Fossil of one of the largest megaraptors on Earth uncovered in Argentina

Fossil of one of the largest megaraptors on Earth uncovered in Argentina

Palaeontologists from the Argentine Museum of Natural Sciences say they have found the 70-million-year-old remains of a megaraptor, making it one of the last carnivorous dinosaurs to inhabit the earth.

Key points:

  • The megaraptor measured 10 metres long, with muscular, elongated legs to take long steps
  • It was slimmer than a T-Rex, built for speed with a long tail to help keep its balance
  • Its chief weapons were elongated arms and a thumb claw that measured about 40 centimetres

The discovery was made in the southern province of Santa Cruz in the middle of March this year. After studying the fossils, measuring 10 metres, experts realised they were looking at the remains of a predatory dinosaur from the end of the "age of dinosaurs".

"This is the moment, 65 million years ago, when the extinction of the dinosaurs occurs, and this new megaraptor that we now have to study would be one of the last representatives of this group," Fernando Novas, the palaeontologist in charge of the project, told Reuters.

Unlike the Tyrannosaurus Rex, the megaraptors were slimmer and built for speed, with long tails that allowed them to keep their balance.

They had muscular but elongated legs to take long steps, according to the specialist.

The megaraptor measured about 10 metres long, slimmer than a Tyrannosaurus rex and was built for speed.(Reuters)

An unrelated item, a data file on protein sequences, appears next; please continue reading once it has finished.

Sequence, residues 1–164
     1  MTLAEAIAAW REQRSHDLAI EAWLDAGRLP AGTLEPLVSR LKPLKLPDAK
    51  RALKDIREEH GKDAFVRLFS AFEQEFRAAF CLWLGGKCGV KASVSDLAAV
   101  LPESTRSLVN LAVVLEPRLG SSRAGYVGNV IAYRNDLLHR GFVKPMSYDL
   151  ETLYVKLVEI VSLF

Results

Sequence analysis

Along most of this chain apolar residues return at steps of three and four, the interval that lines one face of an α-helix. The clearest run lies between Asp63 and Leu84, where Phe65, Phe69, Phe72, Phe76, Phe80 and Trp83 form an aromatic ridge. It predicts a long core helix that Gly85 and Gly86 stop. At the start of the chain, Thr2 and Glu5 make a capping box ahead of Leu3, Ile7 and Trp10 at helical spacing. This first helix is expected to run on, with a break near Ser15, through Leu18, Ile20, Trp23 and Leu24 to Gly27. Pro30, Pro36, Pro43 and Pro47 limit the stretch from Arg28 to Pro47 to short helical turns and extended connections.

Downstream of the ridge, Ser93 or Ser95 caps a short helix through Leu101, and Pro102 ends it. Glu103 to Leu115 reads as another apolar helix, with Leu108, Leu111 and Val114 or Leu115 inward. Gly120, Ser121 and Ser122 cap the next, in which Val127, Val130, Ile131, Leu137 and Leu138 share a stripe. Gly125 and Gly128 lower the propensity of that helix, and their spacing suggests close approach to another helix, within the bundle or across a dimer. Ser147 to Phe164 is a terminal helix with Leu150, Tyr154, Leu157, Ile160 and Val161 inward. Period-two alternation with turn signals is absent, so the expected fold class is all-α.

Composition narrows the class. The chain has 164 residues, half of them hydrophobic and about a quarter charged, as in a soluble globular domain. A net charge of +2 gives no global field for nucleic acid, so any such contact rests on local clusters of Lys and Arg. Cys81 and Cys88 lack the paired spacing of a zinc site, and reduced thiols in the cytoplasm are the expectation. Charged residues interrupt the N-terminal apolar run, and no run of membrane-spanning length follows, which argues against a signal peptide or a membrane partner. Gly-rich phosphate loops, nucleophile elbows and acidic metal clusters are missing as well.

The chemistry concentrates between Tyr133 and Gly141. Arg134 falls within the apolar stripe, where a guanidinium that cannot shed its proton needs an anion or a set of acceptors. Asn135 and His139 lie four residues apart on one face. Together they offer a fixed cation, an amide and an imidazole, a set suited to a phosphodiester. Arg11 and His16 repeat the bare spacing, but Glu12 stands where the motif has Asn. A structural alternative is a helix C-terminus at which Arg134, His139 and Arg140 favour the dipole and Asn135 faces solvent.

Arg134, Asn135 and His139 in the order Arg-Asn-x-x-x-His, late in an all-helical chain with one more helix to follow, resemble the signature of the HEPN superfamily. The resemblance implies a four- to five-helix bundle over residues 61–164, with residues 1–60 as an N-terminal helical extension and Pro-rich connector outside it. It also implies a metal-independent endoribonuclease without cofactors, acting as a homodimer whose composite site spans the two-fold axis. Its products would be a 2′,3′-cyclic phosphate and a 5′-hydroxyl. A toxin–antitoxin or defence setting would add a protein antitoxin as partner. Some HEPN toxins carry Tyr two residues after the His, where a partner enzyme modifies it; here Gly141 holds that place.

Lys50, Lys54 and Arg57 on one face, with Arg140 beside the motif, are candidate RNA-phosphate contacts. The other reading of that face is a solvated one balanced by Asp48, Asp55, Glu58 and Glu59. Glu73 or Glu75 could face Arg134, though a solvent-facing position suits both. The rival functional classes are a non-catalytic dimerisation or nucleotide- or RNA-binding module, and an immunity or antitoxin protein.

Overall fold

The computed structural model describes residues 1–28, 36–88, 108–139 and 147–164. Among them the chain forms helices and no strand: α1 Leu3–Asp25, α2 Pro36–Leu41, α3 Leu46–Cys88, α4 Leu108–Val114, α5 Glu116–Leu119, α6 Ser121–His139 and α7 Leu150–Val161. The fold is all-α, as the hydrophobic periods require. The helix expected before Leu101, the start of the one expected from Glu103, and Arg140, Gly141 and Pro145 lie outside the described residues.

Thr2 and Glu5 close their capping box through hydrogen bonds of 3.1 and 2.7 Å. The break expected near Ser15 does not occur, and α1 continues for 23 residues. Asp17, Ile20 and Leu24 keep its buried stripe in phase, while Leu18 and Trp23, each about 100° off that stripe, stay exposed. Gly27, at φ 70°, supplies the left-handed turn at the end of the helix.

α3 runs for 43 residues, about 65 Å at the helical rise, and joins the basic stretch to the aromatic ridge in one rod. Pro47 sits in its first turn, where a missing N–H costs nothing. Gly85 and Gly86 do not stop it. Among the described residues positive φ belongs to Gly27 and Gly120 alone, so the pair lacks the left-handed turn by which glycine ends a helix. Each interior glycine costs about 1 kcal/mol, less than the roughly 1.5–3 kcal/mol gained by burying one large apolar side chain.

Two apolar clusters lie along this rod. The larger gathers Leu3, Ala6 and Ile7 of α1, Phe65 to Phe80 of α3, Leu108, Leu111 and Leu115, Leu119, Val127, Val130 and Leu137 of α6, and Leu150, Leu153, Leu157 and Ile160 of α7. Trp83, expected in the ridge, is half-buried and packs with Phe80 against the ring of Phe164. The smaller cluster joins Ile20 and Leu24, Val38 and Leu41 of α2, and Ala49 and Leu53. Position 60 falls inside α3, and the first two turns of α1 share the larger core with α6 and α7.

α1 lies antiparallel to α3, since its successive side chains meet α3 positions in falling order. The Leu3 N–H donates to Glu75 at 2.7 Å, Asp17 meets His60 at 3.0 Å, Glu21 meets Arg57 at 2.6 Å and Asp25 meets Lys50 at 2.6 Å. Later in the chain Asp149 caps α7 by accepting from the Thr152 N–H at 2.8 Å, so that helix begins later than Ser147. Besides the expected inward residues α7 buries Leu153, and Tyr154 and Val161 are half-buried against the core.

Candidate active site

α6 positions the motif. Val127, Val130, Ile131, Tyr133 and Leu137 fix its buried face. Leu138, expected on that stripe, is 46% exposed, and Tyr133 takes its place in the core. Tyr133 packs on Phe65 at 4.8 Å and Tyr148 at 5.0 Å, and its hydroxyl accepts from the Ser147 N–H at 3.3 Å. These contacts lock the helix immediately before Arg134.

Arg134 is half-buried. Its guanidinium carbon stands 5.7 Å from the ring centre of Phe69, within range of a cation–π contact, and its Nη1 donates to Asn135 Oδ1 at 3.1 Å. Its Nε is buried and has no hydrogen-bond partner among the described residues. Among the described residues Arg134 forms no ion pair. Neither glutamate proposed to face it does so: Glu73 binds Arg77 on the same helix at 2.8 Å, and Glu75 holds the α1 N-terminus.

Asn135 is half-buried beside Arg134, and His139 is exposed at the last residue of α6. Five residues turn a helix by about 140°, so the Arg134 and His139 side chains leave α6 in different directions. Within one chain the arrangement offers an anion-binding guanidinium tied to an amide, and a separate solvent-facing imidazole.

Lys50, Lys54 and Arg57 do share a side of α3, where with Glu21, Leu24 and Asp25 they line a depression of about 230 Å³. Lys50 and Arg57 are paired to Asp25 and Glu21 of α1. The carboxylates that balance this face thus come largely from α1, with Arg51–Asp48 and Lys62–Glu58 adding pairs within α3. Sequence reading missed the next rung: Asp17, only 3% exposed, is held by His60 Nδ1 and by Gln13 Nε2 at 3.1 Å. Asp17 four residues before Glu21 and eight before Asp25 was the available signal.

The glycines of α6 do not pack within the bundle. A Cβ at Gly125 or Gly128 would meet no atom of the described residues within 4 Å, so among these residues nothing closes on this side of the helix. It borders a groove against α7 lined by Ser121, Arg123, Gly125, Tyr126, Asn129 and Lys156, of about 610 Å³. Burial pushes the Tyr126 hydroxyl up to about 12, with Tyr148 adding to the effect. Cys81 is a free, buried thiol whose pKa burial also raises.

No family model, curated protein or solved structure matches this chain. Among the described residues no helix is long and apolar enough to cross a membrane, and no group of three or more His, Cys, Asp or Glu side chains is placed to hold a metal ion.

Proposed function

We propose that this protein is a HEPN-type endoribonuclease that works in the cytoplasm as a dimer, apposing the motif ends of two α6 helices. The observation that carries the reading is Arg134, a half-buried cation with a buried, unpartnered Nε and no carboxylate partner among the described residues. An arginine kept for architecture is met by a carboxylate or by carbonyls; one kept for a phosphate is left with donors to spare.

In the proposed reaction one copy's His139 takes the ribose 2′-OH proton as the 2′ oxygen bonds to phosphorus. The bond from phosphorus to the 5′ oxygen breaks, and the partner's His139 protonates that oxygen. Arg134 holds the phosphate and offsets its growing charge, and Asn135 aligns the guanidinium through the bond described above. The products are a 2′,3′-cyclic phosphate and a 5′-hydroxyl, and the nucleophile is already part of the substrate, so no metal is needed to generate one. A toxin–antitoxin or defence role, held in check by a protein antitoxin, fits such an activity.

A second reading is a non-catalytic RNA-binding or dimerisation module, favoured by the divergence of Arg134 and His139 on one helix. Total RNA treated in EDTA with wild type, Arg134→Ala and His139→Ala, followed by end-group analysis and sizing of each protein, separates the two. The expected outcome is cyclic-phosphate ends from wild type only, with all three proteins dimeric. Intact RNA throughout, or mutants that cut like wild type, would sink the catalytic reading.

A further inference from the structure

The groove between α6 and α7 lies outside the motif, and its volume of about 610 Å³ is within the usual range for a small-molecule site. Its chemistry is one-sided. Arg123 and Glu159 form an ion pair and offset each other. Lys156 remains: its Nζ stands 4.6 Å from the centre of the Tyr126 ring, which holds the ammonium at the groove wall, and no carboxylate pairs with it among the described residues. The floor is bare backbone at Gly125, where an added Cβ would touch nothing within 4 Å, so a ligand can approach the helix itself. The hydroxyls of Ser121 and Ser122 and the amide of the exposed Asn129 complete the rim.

"The defining characteristic of the megaraptors was that they had very long arms and that their thumb ended in a claw of approximately 40 centimetres," allowing them to catch their prey, he said.

The Museum said the megaraptor’s arms were its chief weapon, as opposed to the Velociraptor or Tyrannosaurus rex’s reliance on their jaws.

The remains date from the Cretaceous period, about 70 million years ago.(Argentine Museum of Natural Sciences)

"Its neck was long. Its skull was low, thin and long. It had teeth which were not too big, different from those of the Tyrannosaurus or the Giganotosaurus. These were small teeth," Dr Novas said.

"Nevertheless, its jaw was armed with these teeth that allowed him to tear into the skin of its prey."

The discovery was made in Argentina’s southern province of Santa Cruz.(Argentine Museum of Natural Sciences)


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May 20, 2020 at 09:21AM


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